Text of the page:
Social Security is facing an ever-gloomier picture, having run a deficit of 4 percent last year and facing deeper deficits in the next 10 years, according to a Congressional Budget Office analysis Tuesday.
The report also said the combined Social Security trust funds, which cover both seniors' benefits and disability payments, will go bust in 2034, meaning payments will have to be trimmed for future retirees.
"Under current law, resources available to the Social Security program will become insufficient to pay full benefits in about 20 years," the analysts said.
Those born in the 1980s would only see about $19,000 a year after being slated to average about $22,000 a year in benefits when they retire in the middle of this century.
Those born last decade face an even bigger shortfall: They should have averaged $30,000 in their first year but will likely only get $23,000, the CBO said.
That works out to just 34 percent of a worker’s annual salary averaged across his or her lifetime.
The deficit projections are slightly worse than the CBO calculated just a year ago, with the agency saying long-term cost projections are rising faster than they had foreseen.
The CBO said Social Security ran in the red in 2010 and that deficit only deepened in 2011, with revenues covering only 96 percent of outlays. Those were the first two years the system has had a deficit since the 1983 deal to save the program.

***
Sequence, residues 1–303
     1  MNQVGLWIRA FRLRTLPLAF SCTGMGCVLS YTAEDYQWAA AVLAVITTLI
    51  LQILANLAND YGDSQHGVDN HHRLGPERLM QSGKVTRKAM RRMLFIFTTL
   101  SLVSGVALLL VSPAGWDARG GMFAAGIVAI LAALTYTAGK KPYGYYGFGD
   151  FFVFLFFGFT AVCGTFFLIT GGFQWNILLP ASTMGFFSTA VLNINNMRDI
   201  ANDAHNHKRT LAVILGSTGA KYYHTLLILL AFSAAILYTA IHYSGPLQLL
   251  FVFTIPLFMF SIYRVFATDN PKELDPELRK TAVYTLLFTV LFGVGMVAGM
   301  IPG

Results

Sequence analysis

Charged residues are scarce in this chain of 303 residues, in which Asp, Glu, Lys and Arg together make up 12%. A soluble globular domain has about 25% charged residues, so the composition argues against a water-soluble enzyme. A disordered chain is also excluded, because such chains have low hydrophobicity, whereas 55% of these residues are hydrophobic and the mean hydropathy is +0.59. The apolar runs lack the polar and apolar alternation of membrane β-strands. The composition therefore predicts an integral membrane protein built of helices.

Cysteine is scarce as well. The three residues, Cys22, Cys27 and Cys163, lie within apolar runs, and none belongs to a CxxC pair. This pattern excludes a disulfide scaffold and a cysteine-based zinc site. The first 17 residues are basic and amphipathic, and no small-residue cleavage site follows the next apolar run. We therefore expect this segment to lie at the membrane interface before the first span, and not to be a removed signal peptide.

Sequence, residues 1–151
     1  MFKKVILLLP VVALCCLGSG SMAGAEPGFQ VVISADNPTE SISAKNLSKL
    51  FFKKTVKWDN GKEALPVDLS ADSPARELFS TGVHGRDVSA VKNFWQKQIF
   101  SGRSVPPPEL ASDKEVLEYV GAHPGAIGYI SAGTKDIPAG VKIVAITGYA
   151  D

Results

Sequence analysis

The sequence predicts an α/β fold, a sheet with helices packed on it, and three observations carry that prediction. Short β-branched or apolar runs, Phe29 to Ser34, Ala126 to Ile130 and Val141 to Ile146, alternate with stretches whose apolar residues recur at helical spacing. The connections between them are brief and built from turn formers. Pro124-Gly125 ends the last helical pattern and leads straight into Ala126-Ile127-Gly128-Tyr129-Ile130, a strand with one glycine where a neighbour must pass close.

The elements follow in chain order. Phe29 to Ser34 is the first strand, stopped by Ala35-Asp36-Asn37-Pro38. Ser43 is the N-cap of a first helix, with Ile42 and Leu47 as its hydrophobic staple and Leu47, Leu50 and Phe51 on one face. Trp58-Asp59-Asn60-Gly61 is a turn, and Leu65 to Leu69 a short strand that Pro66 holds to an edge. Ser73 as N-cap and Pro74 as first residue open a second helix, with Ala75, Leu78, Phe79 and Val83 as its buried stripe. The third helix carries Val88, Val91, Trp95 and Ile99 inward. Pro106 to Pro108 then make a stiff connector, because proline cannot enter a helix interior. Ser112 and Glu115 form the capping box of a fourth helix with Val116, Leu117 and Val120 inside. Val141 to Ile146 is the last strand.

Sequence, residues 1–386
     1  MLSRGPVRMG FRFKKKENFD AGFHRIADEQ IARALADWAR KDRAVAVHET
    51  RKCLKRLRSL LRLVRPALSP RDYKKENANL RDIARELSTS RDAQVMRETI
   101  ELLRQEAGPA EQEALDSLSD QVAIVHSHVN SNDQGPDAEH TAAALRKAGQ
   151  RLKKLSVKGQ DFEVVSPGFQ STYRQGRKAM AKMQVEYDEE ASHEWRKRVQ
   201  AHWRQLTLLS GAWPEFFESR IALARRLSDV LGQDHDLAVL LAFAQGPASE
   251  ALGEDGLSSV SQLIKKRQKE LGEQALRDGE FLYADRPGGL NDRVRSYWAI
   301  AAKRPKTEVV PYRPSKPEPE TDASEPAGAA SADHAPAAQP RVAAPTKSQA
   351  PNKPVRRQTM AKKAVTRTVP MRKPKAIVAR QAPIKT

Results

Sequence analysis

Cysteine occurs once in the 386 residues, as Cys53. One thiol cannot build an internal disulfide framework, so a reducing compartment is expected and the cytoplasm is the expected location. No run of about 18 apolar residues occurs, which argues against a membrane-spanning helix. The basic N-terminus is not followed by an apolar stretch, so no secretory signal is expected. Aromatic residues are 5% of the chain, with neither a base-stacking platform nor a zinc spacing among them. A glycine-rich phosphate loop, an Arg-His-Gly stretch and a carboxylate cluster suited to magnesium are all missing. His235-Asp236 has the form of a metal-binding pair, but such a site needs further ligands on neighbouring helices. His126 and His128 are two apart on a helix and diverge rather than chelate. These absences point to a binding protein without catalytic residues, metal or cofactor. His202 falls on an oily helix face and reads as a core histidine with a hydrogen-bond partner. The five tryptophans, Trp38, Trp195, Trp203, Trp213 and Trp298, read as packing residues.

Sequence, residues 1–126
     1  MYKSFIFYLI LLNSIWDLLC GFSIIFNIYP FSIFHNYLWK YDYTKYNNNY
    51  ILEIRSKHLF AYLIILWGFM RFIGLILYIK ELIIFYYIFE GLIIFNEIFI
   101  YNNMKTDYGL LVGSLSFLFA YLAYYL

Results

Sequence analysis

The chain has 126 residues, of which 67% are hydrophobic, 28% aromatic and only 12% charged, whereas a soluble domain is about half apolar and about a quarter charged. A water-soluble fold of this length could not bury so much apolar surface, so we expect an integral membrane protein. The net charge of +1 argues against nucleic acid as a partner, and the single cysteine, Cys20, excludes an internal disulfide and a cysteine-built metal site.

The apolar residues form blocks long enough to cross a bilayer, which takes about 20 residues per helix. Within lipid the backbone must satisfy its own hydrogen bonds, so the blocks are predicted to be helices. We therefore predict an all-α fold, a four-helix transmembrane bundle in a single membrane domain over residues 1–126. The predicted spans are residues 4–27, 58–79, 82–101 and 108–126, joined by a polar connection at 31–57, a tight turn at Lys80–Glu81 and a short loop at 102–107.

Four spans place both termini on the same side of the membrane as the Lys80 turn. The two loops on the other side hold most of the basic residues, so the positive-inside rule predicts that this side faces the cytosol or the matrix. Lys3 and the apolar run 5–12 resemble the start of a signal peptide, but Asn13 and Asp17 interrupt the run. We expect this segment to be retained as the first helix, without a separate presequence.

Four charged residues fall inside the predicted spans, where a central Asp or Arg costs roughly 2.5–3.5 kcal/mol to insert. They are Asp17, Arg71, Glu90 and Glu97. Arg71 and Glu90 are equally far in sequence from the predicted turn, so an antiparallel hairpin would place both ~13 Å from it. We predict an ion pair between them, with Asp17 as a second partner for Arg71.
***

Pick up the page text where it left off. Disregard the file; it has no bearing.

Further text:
Going forward, deficits are a fact of life, the agency said. The deficit will average 10 percent in the next decade, and will top 20 percent by 2030.
While Social Security is running a deficit, the system is able to continue to pay full benefits because it dips into the trust funds — though some analysts say that’s not much comfort since the trust funds are full of IOUs, after the government regularly transferred money out to cover other basic spending.
Social Security spending makes up a fifth of federal spending, and that percentage will increase as baby boomers retire and begin to collect benefits the law promises them.
But neither party is talking about changes to Social Security, instead choosing to focus on other entitlements such as Medicare.
The American Academy of Actuaries says there are some steps that can be taken to shore up Social Security.
"Social Security is not running out of money now, and many options exist to maintain the long-term solvency of the program," said Donald Fuerst, senior pension fellow at the nonpartisan academy. "But waiting too long to make these fixes will cause greater hardship to retirees and taxpayers."
Social Security is funded chiefly through payroll taxes collected on a worker’s earnings, up to a certain point. The tax is 12.4 percent, of which employers pay half and workers pay half. Self-employed persons pay the full 12.4 percent.
Options to shore up the system include raising the retirement age — something the academy supports — or raising the cap on income subject to Social Security payroll taxes, which would bring in more revenue and prevent benefits from having to be cut.
Raising taxes has proved to be a tough sell, however.
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